Bus drivers on London Transport buses, mid-20th century

London bus 1940s and 50s

This page is about the role and work of bus drivers on London Transport buses in the mid-20th Century


By the webmaster, based childhood observations, discussions with people who lived with these buses and additional research

When I was growing up in 1940s and 1950s London, every bus had a driver and a conductor.

The driver was set apart in his own front cubicle, separated from everyone else by a glass window. Unlike the conductor he never spoke to passengers and, also unlike the conductor, his work was entirely sedentary.

Most of my memories are of the drivers being older men as during the Second World War as the young and fit men were away in the forces. Even after the war, I don't remember any women bus drivers, but if you do, please let me know.

Bus drivers' uniforms

London bus drivers and conductors 1940s

The bus drivers are in the back row wearing the white coats. Photo courtesy of Norman Partridge

Bus drivers' Summer uniform and problems of washing it

My father, Walter Albert Partridge, was a bus driver working at the Forest Gate Depot in the late 1940s. The photo shows him with some of his mates, wearing his summer coat. Although it looks grey in the shadow of the photo, it was always a brilliant white which my mother was seriously proud of. He had two such coats which she made him change twice a week because the right sleeve tended to get grubby from him having to put his arm out of the window to do hand signalling. There were no indicators on the buses in those old days.

Bus drivers usually worked with the same conductors. My father's conductor was the guy in the black coat in the photo, but when it was his rest day, the woman next to him would take his place. All three are wearing the ticket machines which punched holes in passengers' tickets to show the fare stage where they had paid to get off.

Norman Partridge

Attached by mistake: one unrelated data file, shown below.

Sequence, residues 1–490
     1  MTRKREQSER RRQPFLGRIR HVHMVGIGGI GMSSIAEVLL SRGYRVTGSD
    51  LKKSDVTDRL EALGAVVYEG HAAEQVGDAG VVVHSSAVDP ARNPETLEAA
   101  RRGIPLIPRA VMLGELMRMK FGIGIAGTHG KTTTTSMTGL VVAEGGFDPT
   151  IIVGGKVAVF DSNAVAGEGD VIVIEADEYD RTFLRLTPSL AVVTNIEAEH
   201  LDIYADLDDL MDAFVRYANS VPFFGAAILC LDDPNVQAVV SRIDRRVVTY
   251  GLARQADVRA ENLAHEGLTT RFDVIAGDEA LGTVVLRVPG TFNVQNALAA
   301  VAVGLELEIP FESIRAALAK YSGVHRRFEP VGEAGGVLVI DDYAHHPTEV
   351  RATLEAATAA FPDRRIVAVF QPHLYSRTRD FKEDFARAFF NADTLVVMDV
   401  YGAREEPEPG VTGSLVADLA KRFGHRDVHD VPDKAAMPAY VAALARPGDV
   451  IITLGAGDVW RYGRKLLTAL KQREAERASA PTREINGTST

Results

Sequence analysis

Stopping and starting a bus

The skill of the drivers

It is tricky for a driver of today to drive these old buses because every gear change required double de-clutching. It is a tribute to their skill of these old bus drivers that the passengers' rides were so smooth.

Staff at Brooklands Bus Museum

Bus drivers knew their routes well.

They stopped at bus stops and would start the bus again when they heard the conductor give a double ding on the bell.

Push button inside an old London bus requesting the bus driver to stop

Push button inside a bus requesting the bus driver to stop at a request stop. Photographed at Brooklands Bus Museum

Driving the 'new' Routemaster buses

Although I understand that the famous Routemaster buses were developed in the 1950s, they did not come to Edgware, where I lived until the early 1960s.

I had assumed that the transmission was automatic, which had not been properly tuned because the journeys were punctuated with serious jolts as the engines changed gear. We passengers were repeatedly thrown violently all over the place. It couldn't be allowed to continue and fortunately it didn't for long.

According to Norman Partridge and Douglas Adam, the  transmission was not completely automatic - see the boxes below.

Gear transmission on Routemaster buses

I'm fairly sure that the Routemasters had what is known as 'Pre-select transmission', and I recall my Dad saying that Pre-Select was a B****r to get used to.

Norman Partridge whose father drove the Routemasters

With the pre-selector gearbox, nothing happens when the gearshift lever is actuated until the clutch is depressed. Only then is the gear automatically changed. If the engine speed (the gear) is outside the normal range for the vehicle's speed, a serious mis-match results in a forward or backward lurch.

Douglas Adam

If you can add anything to this page or provide a photo, I would be pleased if you would contact me.

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